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when i did what most young women did in those years, if you didn't like your job or if you worked-- had a baby. and i stayed home with children for a few years and then finally, in 1972, went back to work. i want to back it up-- your first husband. what attracted you to him? nice guy. he's a good dancer. it was time for me to get married, you know? all my friends were getting married. it was-- there were still those pressures, harvey. even in those years. - yet earlier you said you didn't feel the... - well, i did... ...the need to become a housewife, to do the traditional thing. judy: i didn't but i wanted to have children. i knew i wanted to have children. i was never one of those women who said, you know, "i want a career, and i-- and i'm not really into having babies." did you want a husband? yes. oh, yes. then one didn't go without the other. you left your house either in a pine box or a white dress. those were the only two ways you left your house. so, it was time for me to get married i was 20, almost 21,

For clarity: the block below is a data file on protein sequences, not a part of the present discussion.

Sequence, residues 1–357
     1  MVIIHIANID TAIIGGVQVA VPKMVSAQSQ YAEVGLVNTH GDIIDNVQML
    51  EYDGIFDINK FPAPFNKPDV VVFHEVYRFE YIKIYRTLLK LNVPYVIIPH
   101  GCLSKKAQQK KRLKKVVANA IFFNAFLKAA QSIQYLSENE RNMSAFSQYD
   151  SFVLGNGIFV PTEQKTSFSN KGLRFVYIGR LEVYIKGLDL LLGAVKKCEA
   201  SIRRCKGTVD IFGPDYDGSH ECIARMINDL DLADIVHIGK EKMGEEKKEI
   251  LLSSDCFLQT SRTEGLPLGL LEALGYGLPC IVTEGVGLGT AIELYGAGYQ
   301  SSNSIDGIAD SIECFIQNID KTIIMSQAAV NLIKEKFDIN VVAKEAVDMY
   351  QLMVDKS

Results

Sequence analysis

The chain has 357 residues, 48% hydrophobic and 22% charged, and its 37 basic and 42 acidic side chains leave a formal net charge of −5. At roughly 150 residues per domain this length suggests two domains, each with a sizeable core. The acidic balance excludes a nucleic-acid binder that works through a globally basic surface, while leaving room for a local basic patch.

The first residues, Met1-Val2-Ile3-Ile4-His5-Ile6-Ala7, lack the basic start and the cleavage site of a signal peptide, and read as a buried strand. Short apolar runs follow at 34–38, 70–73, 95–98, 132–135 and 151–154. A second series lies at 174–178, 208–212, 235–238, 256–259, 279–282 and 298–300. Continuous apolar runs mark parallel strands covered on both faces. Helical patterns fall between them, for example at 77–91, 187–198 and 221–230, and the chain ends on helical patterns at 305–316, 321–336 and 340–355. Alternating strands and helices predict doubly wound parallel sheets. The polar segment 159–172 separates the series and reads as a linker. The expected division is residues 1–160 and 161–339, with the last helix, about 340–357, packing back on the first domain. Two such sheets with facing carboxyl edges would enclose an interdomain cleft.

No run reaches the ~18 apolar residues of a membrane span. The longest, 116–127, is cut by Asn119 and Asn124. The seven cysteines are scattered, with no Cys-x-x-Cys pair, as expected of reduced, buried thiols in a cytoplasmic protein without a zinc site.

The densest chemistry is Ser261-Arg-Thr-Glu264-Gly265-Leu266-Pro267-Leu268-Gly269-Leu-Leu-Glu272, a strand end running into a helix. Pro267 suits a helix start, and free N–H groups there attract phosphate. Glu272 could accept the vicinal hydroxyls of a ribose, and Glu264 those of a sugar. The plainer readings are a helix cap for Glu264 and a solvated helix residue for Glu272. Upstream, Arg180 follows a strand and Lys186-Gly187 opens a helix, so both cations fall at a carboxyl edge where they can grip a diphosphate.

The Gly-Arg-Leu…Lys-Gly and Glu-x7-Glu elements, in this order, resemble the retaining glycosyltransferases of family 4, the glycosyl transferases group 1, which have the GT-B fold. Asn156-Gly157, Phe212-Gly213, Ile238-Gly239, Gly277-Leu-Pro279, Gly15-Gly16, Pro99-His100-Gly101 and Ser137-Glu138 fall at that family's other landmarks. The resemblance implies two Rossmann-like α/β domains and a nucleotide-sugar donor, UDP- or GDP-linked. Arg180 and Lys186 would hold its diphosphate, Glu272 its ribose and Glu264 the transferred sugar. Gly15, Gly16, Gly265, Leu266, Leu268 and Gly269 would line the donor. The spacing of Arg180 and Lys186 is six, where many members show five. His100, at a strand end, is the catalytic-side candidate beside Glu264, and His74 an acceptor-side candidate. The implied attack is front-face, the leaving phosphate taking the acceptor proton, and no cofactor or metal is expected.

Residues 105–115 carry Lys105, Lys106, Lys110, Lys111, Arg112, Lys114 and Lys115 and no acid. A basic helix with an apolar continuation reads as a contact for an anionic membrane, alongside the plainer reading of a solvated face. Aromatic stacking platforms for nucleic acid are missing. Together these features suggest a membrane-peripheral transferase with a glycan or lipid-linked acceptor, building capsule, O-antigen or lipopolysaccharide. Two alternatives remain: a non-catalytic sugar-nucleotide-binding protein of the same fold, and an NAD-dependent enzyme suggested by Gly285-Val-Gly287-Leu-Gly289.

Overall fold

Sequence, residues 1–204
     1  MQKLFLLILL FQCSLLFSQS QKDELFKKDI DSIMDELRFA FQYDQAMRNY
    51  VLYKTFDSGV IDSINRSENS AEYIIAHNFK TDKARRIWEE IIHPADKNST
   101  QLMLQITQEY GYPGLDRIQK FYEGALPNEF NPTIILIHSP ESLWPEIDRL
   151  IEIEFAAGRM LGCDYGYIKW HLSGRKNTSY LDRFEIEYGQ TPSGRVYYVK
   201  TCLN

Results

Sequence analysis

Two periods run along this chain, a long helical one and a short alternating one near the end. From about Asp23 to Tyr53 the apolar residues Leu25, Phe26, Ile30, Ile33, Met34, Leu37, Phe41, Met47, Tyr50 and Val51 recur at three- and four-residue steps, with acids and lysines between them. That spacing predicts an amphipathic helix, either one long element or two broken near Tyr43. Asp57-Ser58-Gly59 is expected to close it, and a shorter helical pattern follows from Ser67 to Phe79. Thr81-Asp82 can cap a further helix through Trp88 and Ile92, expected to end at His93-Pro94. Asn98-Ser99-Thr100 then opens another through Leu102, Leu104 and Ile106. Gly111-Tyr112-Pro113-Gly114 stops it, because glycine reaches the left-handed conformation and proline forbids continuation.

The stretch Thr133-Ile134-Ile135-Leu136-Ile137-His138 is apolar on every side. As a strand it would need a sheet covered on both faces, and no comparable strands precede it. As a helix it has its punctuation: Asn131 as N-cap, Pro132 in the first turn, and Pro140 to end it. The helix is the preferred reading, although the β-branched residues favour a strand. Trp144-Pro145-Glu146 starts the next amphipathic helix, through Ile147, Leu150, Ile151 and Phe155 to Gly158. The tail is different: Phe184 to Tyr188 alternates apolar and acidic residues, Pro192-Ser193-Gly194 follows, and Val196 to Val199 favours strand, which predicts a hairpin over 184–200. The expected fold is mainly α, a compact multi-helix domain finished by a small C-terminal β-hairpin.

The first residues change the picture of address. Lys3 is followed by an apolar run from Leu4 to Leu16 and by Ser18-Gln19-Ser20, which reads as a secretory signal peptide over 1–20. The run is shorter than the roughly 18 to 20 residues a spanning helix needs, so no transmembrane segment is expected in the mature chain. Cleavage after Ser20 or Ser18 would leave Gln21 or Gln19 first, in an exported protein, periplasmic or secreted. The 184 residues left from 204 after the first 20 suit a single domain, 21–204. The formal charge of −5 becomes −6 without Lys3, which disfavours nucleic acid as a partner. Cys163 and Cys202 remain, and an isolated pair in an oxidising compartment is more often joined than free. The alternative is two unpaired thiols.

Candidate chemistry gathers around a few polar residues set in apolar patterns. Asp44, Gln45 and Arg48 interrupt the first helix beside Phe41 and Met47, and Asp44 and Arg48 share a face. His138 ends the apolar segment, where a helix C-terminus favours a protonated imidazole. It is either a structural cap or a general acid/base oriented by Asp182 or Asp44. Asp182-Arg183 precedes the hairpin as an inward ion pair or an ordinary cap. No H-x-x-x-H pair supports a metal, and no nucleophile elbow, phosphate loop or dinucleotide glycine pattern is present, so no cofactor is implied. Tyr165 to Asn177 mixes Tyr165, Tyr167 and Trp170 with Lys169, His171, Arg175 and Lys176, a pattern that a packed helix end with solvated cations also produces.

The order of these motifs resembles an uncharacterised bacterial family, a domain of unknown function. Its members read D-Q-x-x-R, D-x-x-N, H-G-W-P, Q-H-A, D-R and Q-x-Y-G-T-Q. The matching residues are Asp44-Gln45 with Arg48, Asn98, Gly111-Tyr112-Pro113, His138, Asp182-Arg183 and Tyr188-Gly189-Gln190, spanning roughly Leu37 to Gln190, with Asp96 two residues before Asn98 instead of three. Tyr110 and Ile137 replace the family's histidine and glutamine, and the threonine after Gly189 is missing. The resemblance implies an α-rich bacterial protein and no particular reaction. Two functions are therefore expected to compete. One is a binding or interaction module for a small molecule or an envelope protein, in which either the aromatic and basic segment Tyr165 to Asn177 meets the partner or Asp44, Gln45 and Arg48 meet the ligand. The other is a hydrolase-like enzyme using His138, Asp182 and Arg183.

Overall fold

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it seemed like the right thing to do. i gotta stop you. you were such a strong person. you wanted to be a lawyer, and it's like, "i didn't like my first job so i'll have a baby." - it doesn't sound like you. - it doesn't sound-- well... but it was. you don't see a paradox there? i do, but it was time to have a baby. nobody had children after they were 30. because you were told you would have terrible deformed children if you were over 30. so i became a mom-- - twice. - but after a period of time, i was bored, i went back to school, i went for a master's at nyu in family law. you were more than bored. i was very bored. i was bored home. and we moved to the country which is uber bored. ( laughs ) i've read that you said you felt your brain was atrophying. that's true. i actually watched soap operas. i looked forward to them. what didn't work for you. staying home. not being engaged. not being engaged outside of the home.